I’m going to say straight away that this I'm not going to give a lot of information about State Retirement Pensions.
Here are the reasons:
- State Pensions are incredibly complex. How much you’re entitled to depends on so many different things that in practice it’s not feasible for me to write this page in a way that would help you work out what you’re entitled to.
- You may not have all the details of your national insurance history you need to enable us to work out your entitlement
- It’s a moving target: unless your just about to apply for your pension, the answer we get today may not be the same as the answer we get in three years time.
Fortunately it is fairly easy to get a prediction of how big your state pension will be by asking the government. This is possible because they (normally) have a full record of your work and benefit history.
This information is called a pension statement. It is available via the following link: https://www.gov.uk/state-pension-statement
You will then be able to:
- Ask for a full statement on how big your pension will be, based on what they know about your history, and when you will be able to get it;
- Get a quick estimate based on what you know about your work and benefit history, and when you will be able to claim it;
- Get information about when you will be able to claim a pension, based on your date of birth.
If you do want to know some basic details of how state retirement pension work, however, read on…
State Retirement Pensions:
- Are not income based (means-tested): if you are entitled to a pension you will get it whatever other money you have coming in.
- Are contribution based: the amount of pension you get is based on how many national insurance contributions you have made, and have been credited to you, over your working life (or, sometimes, based on your spouse or civil partner’s contributions - see below)
- You still get it even if you are working.
|In April 2016 a new state pension was brought in. If you reach pensionable age on or after 6th April 2016 this is the pension you'll get (if you get a pension at all): if you reached pensionable age before this date you'll get the old-style pension.|
State Retirement Pension if you reached pensionable age before 6th April 2016There are three main types of State Retirement Pension:
- Category A - this is the main one, based on your national insurance history.
- Category B - this is based on your spouse’s or civil partner’s contributions, and is only really useful if you cannot get a State Retirement Pension in your own right (you normally need to actually have been married to your spouse or formed a civil partnership with your partner, but you can often still get it if your spouse or civil partner has died)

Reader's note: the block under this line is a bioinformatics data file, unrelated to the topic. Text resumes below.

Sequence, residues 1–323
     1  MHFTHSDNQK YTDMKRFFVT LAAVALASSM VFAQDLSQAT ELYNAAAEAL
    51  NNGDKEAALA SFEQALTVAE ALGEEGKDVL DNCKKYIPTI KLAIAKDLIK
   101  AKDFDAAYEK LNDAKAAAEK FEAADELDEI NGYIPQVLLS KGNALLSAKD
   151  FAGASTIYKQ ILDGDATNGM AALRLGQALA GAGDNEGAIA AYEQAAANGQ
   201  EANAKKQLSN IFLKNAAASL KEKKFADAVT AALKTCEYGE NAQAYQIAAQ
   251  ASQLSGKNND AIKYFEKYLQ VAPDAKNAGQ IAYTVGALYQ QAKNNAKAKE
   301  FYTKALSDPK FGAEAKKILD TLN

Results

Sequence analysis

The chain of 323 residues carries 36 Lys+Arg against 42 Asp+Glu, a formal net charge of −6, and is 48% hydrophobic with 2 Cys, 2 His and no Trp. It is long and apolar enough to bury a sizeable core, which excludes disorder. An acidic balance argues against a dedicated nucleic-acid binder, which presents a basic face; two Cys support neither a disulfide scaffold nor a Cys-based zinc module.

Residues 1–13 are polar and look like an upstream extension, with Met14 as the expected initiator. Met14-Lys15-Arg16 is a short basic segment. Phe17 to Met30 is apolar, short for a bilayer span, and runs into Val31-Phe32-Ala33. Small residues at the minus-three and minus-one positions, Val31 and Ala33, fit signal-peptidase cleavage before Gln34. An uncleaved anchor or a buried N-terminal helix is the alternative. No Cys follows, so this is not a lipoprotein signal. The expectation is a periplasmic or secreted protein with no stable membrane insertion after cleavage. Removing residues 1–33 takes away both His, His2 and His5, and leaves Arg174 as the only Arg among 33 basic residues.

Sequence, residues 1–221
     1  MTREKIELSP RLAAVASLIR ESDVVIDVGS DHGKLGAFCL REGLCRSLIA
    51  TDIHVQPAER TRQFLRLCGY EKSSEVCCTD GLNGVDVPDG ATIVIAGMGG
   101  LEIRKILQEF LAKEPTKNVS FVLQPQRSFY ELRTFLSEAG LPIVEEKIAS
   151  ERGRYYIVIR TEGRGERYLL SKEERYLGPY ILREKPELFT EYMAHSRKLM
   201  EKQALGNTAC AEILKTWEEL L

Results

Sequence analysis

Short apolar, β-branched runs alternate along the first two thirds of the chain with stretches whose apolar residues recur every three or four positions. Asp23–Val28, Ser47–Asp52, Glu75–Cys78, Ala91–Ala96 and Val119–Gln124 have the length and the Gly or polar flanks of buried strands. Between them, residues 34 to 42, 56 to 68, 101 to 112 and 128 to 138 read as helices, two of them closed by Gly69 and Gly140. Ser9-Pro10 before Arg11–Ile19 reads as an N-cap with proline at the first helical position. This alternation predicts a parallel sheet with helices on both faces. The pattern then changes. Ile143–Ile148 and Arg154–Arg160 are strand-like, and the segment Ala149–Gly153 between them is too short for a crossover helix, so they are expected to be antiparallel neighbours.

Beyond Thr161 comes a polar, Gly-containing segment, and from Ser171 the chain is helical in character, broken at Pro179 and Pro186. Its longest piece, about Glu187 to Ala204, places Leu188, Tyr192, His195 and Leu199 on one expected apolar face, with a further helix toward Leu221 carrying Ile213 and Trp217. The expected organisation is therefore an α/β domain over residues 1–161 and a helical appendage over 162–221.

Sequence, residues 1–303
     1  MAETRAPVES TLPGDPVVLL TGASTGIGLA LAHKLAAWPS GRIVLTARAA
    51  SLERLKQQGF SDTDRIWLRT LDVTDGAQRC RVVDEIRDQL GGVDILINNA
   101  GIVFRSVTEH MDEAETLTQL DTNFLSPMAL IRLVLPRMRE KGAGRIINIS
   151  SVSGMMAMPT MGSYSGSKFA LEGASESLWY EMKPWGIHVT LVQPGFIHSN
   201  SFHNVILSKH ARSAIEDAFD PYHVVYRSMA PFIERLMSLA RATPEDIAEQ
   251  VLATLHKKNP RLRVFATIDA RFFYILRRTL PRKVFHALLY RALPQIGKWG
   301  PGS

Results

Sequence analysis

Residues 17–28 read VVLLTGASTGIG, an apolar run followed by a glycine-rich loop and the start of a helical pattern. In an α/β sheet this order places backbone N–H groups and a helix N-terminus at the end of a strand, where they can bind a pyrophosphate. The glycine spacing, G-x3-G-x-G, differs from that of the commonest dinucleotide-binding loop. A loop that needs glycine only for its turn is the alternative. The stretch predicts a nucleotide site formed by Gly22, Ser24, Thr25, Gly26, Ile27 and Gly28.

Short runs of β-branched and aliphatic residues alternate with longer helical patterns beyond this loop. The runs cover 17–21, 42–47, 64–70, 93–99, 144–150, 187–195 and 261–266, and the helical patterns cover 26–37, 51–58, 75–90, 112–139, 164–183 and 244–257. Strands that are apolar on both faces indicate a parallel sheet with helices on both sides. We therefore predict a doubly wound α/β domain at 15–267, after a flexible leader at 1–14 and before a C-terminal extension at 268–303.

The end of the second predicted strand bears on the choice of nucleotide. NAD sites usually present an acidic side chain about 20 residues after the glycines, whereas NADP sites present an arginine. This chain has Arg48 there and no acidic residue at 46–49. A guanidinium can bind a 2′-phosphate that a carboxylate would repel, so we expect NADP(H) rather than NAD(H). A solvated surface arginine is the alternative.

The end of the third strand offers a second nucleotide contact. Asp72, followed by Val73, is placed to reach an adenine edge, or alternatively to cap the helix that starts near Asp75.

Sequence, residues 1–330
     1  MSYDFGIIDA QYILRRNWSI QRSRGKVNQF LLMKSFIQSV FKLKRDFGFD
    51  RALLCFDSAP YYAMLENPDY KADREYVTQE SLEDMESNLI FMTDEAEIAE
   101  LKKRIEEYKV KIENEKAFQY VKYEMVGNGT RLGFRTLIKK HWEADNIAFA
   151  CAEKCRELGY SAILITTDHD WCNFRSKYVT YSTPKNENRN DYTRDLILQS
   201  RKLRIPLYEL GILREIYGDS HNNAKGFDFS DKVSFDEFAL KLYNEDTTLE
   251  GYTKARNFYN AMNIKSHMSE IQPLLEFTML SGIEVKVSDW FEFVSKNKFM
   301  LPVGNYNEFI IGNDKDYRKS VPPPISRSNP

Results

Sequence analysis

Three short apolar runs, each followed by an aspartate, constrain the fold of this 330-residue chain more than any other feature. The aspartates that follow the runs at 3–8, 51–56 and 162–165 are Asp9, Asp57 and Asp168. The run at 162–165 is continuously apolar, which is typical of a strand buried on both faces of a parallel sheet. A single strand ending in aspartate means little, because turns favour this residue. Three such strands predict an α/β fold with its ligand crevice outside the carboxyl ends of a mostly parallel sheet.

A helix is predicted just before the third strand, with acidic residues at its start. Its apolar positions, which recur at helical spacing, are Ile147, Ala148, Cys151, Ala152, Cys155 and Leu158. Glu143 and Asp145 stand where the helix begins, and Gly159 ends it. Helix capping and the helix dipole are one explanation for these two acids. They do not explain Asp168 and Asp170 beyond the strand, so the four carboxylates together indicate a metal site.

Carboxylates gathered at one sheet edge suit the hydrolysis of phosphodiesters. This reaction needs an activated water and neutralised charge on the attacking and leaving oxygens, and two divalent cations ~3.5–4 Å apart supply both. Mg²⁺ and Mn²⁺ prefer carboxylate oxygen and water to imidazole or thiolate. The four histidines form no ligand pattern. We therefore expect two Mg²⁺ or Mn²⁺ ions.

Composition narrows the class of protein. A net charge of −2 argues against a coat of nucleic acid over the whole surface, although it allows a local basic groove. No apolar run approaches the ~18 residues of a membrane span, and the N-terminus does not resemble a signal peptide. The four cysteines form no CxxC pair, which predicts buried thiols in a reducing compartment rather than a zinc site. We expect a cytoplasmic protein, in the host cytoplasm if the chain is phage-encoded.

- Category D - this is only available if you are 80 or over and can’t get any other state pension, or only a small one: the advantage to this pension is you don’t need to have a good national insurance history, you just need to have been resident in the UK for at least ten years in a row at some point in the 20 years before you claim it.
How much is each pension worth?
- Category A - the basic rate is currently £125.95 per week, but it might be less (even nothing) if your national insurance history isn’t good enough, or more (if various other things apply)
- Category B - the basic rate is currently £75.50 per week, but it might be less (even nothing) if your spouse or civil partner’s national insurance history isn’t good enough, or more (if various other things apply)
- Category D - this is currently £75.50 per week (and you either get all of it or nothing at all).
State Retirement Pension if you reach pensionable age on or after 6th April 2016This is normally based on your national insurance contributions (like the old-style category A pension). The basic rate is £164.35. The contribution are a bit stricter than the pre-2016 pension. Just like the old style pension, you may get less if you haven't worked for enough years.
Applying for your State Retirement Pension
You should get a letter from the Pensions Service 4 months before you reach pension age telling you that you will be able to get a state pension soon, but you still need to make a claim - it is not, normally, automatic.
You can start a claim by phoning the Pensions Service 0800 731 7898, or on line, at https://www.gov.uk/claim-state-pension-online . You can only claim online if you have received the ‘4 month letter’.
If you are getting some benefits when you reach pension age the claim may be processed automatically without you needing to do anything, but only rely on this if the Pensions Service tells you.
Deferring your State Retirement Pension
Although you might be eager to start getting your pension as soon as possible, you might want to think about putting off claiming your pension (the government call this ‘deferring’ your pension). Perhaps you are still working and are happy to continue for while, for example.
The advantage to this is that if you do put off claiming your pension you will get a larger pension - how much depends, amongst other things, on how long you defer your pension.
However, you do need to be careful. There’s no point in deferring your pension if you getting Pension Credit, or most other income based or contribution based benefits, as the Pensions Service will not increase your pension for any time that you’re getting them. For this, and other reasons, I give the following warning.
|Think very carefully, and seek advice if you can, if you are thinking of deferring your retirement pension.|